A few days ago I was reading an article about foreign bodies in the bladder – for what better way to while away a dull afternoon? In 1897 a doctor from Philadelphia, Francis Packard, wrote an analysis of more than 200 cases, all of which had been published in medical journals in the preceding fifty years. The range of objects … Read more
Sometimes a headline says it all. In June 1842 the London Medical Gazette printed a letter under this memorable title:
The case report that followed was submitted by a retired naval surgeon called Archibald Blacklock (previously featured on this blog, and best known as the man who crept into Robert Burns’s tomb one night in 1834 and took a … Read more
Here’s a striking report from The London Medical and Surgical Journal, originally published in March 1837. The headline is straightforward enough:
Two remarkable cases of this kind I have had an opportunity of seeing weekly, for twelve months. The first occurred at Manchester; the second was in St. Bartholomew’s Hospital, under the auspices of Mr. — , and both … Read more
During a meeting of the New York Pathological Society in 1872, a local physician called Dr Post gave a short talk about one of his patients, who had discovered a highly novel method of injuring himself:
On the 9th August, 1872, I was requested to see Mr. B., a young man 19 years of age, who, about four months before, … Read more
Mercer’s Hospital, founded in 1734, was for many years one of the most important teaching hospitals in Ireland – but it is perhaps most readily associated today with a piece of music. In 1742 the first performance of Handel’s Messiah took place in Dublin in a fundraising concert for local charities – Mercer’s Hospital among them.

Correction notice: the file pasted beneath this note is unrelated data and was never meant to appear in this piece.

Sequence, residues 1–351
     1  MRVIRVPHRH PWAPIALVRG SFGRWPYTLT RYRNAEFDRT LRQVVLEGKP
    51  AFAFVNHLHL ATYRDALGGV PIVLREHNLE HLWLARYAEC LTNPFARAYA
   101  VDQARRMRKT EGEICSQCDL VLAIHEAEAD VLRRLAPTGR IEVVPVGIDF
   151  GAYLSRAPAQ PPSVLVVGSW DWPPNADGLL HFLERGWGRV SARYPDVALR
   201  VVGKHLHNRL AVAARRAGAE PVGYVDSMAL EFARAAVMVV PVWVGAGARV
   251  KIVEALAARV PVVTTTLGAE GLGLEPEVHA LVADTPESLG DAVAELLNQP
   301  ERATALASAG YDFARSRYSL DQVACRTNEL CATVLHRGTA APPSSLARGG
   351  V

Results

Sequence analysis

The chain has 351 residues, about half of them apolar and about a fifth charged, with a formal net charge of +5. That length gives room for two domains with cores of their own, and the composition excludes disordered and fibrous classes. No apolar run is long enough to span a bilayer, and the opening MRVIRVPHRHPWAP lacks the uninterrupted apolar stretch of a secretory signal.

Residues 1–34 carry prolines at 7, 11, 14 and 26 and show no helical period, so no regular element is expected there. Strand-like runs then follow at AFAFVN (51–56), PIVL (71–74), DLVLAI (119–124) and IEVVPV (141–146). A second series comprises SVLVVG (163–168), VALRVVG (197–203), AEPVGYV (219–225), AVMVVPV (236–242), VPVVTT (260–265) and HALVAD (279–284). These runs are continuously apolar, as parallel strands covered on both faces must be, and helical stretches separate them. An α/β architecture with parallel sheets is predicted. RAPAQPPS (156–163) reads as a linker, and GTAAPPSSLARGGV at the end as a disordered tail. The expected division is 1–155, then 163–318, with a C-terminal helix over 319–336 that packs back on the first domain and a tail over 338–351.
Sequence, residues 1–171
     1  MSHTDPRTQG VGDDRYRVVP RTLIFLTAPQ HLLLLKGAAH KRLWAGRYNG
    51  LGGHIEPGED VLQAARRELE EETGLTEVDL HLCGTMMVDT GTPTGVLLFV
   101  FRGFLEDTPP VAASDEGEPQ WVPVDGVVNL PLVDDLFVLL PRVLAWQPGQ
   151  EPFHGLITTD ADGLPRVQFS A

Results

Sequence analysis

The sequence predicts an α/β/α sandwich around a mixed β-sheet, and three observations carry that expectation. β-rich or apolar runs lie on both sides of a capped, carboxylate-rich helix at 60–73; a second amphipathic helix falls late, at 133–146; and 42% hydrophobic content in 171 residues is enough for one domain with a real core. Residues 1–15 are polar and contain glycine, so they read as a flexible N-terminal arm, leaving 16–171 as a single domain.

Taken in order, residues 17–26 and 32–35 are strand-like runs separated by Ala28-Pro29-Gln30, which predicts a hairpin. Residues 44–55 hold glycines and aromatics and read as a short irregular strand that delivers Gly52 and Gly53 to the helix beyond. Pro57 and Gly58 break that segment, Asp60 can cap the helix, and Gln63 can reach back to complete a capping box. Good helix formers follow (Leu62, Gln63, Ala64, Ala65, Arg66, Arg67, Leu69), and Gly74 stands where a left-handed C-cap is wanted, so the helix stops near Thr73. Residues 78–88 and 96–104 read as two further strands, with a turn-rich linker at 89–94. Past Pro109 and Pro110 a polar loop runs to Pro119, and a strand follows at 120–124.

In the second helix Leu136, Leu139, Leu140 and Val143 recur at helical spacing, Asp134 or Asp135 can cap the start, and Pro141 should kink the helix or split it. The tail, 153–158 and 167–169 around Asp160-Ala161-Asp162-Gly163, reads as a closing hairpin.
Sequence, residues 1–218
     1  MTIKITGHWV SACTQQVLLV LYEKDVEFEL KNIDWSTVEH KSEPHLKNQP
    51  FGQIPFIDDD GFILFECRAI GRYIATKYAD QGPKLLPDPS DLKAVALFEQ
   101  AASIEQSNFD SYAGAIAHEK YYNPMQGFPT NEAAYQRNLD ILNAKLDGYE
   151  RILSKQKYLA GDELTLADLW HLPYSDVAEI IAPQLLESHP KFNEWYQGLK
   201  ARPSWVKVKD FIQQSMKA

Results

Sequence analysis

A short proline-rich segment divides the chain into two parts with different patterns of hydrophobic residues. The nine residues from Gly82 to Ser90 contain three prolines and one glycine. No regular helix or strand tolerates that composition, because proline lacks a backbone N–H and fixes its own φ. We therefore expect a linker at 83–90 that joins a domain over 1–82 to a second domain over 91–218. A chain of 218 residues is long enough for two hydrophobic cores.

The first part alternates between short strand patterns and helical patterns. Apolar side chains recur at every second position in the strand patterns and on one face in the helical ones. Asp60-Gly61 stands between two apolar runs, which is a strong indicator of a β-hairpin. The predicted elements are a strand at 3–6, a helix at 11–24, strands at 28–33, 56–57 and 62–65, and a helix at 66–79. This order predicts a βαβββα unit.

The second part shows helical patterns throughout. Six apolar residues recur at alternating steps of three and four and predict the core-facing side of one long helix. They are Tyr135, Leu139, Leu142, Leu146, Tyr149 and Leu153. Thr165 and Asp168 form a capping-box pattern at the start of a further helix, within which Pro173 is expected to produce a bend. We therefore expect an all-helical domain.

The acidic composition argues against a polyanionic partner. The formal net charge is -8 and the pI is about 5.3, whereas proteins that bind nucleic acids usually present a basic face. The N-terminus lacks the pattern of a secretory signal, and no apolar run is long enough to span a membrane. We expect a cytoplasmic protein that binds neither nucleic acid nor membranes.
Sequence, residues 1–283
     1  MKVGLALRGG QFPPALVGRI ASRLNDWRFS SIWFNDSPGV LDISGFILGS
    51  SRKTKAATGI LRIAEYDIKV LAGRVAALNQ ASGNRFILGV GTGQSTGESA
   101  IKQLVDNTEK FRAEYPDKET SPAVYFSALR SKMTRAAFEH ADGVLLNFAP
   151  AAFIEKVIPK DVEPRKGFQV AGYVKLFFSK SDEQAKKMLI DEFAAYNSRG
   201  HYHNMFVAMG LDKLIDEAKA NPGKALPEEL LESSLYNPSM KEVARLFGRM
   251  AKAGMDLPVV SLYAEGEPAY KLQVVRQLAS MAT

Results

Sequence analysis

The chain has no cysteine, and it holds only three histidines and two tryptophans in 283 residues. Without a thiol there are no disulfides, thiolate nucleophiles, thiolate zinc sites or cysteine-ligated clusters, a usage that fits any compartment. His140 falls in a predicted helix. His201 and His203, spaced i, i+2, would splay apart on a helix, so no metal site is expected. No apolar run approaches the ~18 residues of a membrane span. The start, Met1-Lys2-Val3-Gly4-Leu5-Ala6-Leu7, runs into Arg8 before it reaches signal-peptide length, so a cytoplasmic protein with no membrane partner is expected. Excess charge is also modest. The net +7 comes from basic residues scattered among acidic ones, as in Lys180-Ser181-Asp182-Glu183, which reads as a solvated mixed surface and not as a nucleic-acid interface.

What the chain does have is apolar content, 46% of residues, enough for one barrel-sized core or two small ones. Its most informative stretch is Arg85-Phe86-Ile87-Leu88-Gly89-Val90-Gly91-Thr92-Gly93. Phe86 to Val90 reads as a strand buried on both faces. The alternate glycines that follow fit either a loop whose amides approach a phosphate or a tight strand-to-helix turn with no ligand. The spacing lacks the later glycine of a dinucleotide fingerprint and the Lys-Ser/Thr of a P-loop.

In 1869 The Medical … Read more
August is sometimes known as the ‘silly season’: a period of the year when little seems to be happening, politics grinds to a halt, and newspaper editors are forced to publish nonsense they wouldn’t even consider putting into print at other times of the year.
This story, from an 1844 edition of a French journal, the Gazette des hôpitaux civils … Read more
The French surgeon Jean Civiale was one of the most significant figures in the history of urology, the branch of medicine dedicated to the urinary (and male reproductive) systems. In the 1820s he devised the technique of lithotripsy to treat bladder stones, the first minimally invasive surgical procedure. Until then, the only way to remove such stones had been to … Read more
In 1863 a surgeon from the small German town of Gräfenhainichen, Herr Geissler, wrote to one of the Berlin journals to share an extraordinary tale he had encountered in his practice. The publication to which he submitted the case Monatsschrift für Geburtskunde und Frauenkrankheiten, was devoted to gynaecology and obstetrics and indeed this story is about childbirth – though … Read more
Some of the greatest advances in nineteenth-century surgery were made by military surgeons. British surgeons were not exactly short of opportunities: the country’s military forces began the century at war with France, and ended it fighting the Boers, with barely a peaceful year in between. While battlefield injuries provided horribly frequent opportunities for improving surgical techniques, not every wound was … Read more
One of the most popular stories on this blog is that of the nineteenth-century Frenchman who cut his own penis in two for sexual gratification. If you type the keywords ‘man cut penis two’ into pretty much any search engine, it’s the top hit – on the entire internet. If that’s not success, I don’t know what is.
That … Read more